In most cases, genomic screening approaches will automatically fulfil the first postulate - that bacterial strains with an identified genetic variant should display the phenotype of interest (Fig. 3). Ideally, the relationship between genetic change and phenotype of interest would be as direct as possible, shifting only one experimental variable at a time and showing a large effect size. In this way, focusing on strong correlations can be useful as it provides the best experimental proofs.
According to the second postulate, specific changes made to the gene of interest should result in a change to the phenotype in question (Fig. 3). While not all genetic variants will result in the loss of the gene function, the generation of targeted gene deletions and reproduction of the experimental conditions leading to the expected phenotype is an approach often used to meet this postulate. To achieve this, tools for marked and markerless gene deletions have been developed [78,79,80], with the availability of ordered transposon or single-gene deletion libraries expediting this process for some bacterial species [35, 38, 81]. In cases where a gene is essential for the survival of a bacterium, depletion systems can be used but often require an established set of genetic tools to function. A popular example for sequence-specific repression of gene expression is CRISPRi [59, 60].
Finally, the third postulate focusses on restoring the observed phenotype through genetic complementation (Fig. 3). This is an essential step to close the loop and prove causation but may require a more sophisticated set of genetic tools to achieve. The most direct example is complementation via a conditional expression system, usually on a plasmid or at an ectopic locus in the genome. Alternatively, more subtle genetic manipulates can be used to meet this postulate, for example the introduction of a base pair change into the genome that complements the phenotype, an approach often achieved by site-directed mutagenesis .
The functional validation of genomic screens, potentially based on these revised Molecular Koch’s postulates, provides an ambitious target. In fact, it may be extremely difficult in practice to identify, remove and reinstate the genetics underlying trait variations. For example, where multiple independent variations cause subtle phenotypic changes or where genes are part of interactive networks and co-vary because of epistasis [83, 84]. As such, Molecular Koch’s postulates exist principally as a ‘gold standard’ rather than a definitive list of experimental criteria. In practice, integrated microbiology should layer multiple experimental approaches, using the minimum number of methods required to meet the burden of proof and focus validation effort for functional follow-up studies.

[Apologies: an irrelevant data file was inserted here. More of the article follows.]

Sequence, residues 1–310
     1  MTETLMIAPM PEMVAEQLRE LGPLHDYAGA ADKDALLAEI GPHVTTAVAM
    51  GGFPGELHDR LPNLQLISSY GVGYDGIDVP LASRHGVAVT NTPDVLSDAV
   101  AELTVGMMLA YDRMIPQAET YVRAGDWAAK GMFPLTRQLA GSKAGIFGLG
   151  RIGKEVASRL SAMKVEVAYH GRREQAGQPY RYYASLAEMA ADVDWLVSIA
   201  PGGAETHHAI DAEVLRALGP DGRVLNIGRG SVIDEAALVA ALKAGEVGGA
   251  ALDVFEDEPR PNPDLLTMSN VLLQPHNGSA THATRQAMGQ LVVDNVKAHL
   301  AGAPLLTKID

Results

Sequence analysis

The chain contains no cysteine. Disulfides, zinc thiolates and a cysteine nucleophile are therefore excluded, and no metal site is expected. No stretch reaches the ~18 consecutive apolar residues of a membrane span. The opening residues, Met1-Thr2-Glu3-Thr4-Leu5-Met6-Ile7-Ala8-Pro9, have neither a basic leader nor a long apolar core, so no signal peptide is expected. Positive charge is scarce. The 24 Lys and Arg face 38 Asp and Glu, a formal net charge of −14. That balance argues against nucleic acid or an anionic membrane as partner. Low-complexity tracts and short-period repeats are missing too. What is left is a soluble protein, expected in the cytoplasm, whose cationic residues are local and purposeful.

A roadmap for next-generation functional microbiology
Identifying and then proving that a genetic variant causes a phenotypic change is a considerable step towards understanding bacterial genomics. However, determining the precise role of the gene and how the encoded protein may function requires further study. This can be challenging, particularly for researchers with no background in molecular microbiology, even when the genetic methods or biochemical assays require fairly basic laboratory equipment. Therefore, just as laboratory microbiologists are encouraged to embrace contemporary genomic approaches, so bioinformaticians might consider the central role of functional microbiology in various ways (Fig. 4).
Although considered rather simplistic, basic physiological observations are an important starting point for studies of gene function in microbiology. Differences in growth rate, signs of growth arrest, and early lysis are often tell-tale signs and should not be overlooked. Live-cell microscopy can also provide insights into whether a gene of interest affects cell morphology.
Genetic context and gene expression
In bacteria, genes with related functions often cluster together in operons. Therefore, deciphering the genetic context of candidate genes, as well as understanding where and when a gene is expressed in a bacterial cell, can provide insights into how they function. Determining the pattern and timing of gene expression can be accomplished by replacing the coding sequence of candidate genes with a reporter construct, allowing expression to be monitored through fluorescence, luminescence or enzymatic activity . A more direct measure of gene expression is the determination of relative amounts of mRNA by reverse-transcription quantitative PCR (RT-PCR) . Broadening this approach, techniques such as microarrays or RNA-seq represent powerful methods that may allow genome-wide functional transcriptomic analysis [87,88,89].